Reshaping Cancer Clinical Trials to Reflect Current Needs and Progress

This year, the American Association for Cancer Research (AACR) launched a series of Patient Advocate Forums, virtual conversations featuring leaders from patient advocacy, academia, industry, and health care discussing pressing topics and the latest discoveries in cancer research.  

Following dynamic sessions earlier this year on cancer survivorship, biomarkers, and the very early detection of cancer, the series concluded recently with a forum titled “Revolution in Cancer Clinical Trials.” Panelists discussed how clinical trials have changed over the past decade, evolving to become more flexible, pragmatic, and patient-centered.

“Today, we have about 18 million cancer survivors in the United States, heading toward 22 or 23 million in the next decade,” said Anna D. Barker, PhD, FAACR, moderator of the forum, founder of the AACR Scientist↔Survivor Program, and chief strategy officer of the Lawrence J. Ellison Institute for Transformative Medicine at the University Southern California. “More people are living through and beyond cancer thanks in large part to clinical trials, which have given countless cancer patients access to lifesaving treatments.”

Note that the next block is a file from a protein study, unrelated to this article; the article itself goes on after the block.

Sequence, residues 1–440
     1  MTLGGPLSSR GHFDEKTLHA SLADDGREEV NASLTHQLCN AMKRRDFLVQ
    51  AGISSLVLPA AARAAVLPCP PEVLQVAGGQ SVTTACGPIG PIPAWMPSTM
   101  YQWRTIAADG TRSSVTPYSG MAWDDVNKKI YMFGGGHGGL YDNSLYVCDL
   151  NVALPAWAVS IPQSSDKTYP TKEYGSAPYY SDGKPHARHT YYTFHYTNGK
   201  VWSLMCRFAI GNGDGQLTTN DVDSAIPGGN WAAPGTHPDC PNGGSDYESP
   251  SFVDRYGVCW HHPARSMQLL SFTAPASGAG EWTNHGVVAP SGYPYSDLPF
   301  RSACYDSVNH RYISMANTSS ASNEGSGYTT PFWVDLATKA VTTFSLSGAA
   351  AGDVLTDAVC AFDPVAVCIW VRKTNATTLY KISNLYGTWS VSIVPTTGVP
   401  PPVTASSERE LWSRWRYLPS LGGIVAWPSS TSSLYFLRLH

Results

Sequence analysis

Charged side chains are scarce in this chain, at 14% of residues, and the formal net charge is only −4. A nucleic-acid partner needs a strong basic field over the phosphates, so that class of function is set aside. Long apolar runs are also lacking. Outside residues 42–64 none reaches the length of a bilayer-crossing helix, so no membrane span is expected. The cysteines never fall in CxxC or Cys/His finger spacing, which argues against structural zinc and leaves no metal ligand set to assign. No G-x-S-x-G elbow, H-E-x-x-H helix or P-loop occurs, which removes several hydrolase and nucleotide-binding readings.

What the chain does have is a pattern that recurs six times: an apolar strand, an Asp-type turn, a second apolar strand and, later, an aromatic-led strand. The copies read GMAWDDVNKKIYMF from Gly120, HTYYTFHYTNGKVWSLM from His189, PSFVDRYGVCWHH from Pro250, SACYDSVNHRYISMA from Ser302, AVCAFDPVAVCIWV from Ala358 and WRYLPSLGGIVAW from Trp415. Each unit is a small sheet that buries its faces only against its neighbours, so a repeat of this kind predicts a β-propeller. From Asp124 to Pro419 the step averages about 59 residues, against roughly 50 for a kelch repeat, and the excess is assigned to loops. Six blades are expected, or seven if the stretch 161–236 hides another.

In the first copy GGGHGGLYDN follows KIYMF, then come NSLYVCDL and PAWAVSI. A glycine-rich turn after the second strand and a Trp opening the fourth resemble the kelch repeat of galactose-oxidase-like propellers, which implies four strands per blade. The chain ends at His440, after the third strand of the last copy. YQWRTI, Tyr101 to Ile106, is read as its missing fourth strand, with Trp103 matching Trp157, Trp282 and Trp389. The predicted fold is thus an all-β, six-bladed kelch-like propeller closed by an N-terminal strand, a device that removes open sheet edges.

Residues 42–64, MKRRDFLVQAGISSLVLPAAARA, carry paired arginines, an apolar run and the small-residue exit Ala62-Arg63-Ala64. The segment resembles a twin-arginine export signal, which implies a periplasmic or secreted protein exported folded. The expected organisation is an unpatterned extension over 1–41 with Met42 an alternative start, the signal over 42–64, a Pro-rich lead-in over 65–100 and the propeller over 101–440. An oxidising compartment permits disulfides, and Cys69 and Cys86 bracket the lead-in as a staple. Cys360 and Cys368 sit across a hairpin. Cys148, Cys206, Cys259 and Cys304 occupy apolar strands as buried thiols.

“Not your mother’s clinical trials”

As scientific research has driven progress in cancer diagnosis and treatment, it has also led to significant changes in the way clinical trials are conducted. “The trials you are going to hear about today are not your mother’s clinical trials,” Barker said. “Twenty-five years ago, every trial was designed to answer one specific question. Then you started over again.”

Barker explained that in a single-arm clinical trial, a drug’s failure to meet its endpoints and progress to the next phase caused steep financial costs for the drugmakers without leading to patient benefit. In recent years, these high stakes have been somewhat mitigated by trial design that encompasses multiple endpoints and often, multiple sponsors and participating cancer centers.

Top row: Anna D. Barker, PhD, FAACR; Jane Perlmutter, PhD, MBA; Douglas Yee, MD. Bottom row, Roy Herbst, MD, PhD; Louis Weiner, MD.